As for sufficient/necessary, not sure what you're getting at here, but in no way did I say that it is sufficient for me to have studied some calculus in College (in terms of being capable of succeeding in an IP law career OR in succeeding in computer science). Neither did I say it was necessary, although, if I'm not mistaken, I believe it is necessary for someone to take courses in calculus, physics, etc... in order to obtain a degree in Computer Science and Engineering.

If the sufficient/necessary remark was with regards to my interpretation of dood's post, well, take it up with him, or clarify my interpretation, because that is what he said--that IP lawyers get jobs, except for the socially inept.

*sigh* Can't believe I just typed all that. Guess I'm bored.

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dood
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Re: For GW's IP program, what undergrad background is best?

Postby dood » Thu May 06, 2010 3:29 pm

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Last edited by dood on Sun Jul 04, 2010 3:04 am, edited 1 time in total.

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im_blue
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Re: For GW's IP program, what undergrad background is best?

Postby im_blue » Thu May 06, 2010 4:29 pm

GermX wrote:Do you want me to list them for you, lol? Seriously, I hope one day you will have the intelligence to realize that "6 calculus classes" is basically a grouping of math-related classes for the purpose of the post. If you're interested in reading up on exactly what those courses were, I suggest you check UCLA's undergraduate curriculum for Computer Science majors. I'm sure you'll find it interesting. Dumbass.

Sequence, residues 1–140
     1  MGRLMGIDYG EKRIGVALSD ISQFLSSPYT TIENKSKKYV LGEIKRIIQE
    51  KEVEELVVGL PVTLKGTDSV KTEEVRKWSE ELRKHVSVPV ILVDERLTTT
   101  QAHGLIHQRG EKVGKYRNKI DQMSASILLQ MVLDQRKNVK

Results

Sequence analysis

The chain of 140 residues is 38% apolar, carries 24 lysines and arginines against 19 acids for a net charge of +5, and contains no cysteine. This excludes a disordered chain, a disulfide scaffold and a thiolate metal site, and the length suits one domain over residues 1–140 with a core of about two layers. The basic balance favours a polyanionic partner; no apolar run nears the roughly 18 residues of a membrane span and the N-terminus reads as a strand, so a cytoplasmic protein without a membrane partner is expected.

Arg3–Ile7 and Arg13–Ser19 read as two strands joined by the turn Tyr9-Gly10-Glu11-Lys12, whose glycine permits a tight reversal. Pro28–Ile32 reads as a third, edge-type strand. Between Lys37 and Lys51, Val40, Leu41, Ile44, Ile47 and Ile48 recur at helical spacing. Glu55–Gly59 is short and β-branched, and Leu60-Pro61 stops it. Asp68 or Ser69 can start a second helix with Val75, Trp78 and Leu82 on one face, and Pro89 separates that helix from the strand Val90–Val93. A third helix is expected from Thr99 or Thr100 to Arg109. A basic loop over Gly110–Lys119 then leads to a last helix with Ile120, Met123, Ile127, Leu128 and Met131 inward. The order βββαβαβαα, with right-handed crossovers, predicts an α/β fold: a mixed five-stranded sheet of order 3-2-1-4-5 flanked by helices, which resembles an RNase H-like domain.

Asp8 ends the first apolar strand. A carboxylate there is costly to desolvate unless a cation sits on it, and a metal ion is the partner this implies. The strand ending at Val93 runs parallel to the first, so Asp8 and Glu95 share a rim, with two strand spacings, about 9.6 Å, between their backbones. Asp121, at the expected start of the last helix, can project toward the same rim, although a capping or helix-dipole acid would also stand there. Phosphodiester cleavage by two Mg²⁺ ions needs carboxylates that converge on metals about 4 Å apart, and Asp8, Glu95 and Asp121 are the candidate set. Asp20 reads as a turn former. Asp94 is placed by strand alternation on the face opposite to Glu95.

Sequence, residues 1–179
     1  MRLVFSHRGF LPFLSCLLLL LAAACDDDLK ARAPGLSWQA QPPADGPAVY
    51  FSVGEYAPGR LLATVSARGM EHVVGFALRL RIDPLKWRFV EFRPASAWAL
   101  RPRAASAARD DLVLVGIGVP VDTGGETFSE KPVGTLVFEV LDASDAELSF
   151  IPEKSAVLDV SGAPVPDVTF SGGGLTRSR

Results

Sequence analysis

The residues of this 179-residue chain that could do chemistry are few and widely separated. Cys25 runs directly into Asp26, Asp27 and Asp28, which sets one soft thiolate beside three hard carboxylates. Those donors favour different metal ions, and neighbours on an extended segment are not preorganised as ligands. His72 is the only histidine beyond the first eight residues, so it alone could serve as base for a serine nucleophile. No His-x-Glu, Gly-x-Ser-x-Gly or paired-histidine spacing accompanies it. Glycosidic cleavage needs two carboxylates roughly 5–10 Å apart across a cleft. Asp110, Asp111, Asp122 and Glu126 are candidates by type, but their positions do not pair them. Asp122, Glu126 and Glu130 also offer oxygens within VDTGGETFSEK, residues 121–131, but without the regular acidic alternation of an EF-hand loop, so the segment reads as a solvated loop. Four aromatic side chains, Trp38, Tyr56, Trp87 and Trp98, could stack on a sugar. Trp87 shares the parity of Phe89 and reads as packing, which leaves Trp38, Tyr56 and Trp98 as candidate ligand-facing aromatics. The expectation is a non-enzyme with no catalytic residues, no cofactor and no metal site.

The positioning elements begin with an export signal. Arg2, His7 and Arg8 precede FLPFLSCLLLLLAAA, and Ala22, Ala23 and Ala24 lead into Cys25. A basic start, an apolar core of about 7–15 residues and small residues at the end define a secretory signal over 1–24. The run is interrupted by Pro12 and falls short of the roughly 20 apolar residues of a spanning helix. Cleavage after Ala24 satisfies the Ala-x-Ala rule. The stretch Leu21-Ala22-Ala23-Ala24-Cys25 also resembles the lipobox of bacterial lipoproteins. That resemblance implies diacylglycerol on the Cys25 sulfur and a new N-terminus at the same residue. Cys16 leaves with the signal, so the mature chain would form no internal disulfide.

As for sufficient/necessary, not sure what you're getting at here, but in no way did I say that it is sufficient for me to have studied some calculus in College (in terms of being capable of succeeding in an IP law career OR in succeeding in computer science). Neither did I say it was necessary, although, if I'm not mistaken, I believe it is necessary for someone to take courses in calculus, physics, etc... in order to obtain a degree in Computer Science and Engineering.

If the sufficient/necessary remark was with regards to my interpretation of dood's post, well, take it up with him, or clarify my interpretation, because that is what he said--that IP lawyers get jobs, except for the socially inept.

*sigh* Can't believe I just typed all that. Guess I'm bored.

Your "6 calculus classes" are 31AB, 32AB, and 33AB. Math majors like GeePee are rightly peeved when anyone calls multivariable calculus, linear algebra, and differential equations "the most advanced shit." Those are basic classes that any science/engineering major should have, and certainly not advanced or even intermediate math.

To answer your question, you'll do fine in the IP classes without any background, but getting an IP job is another matter.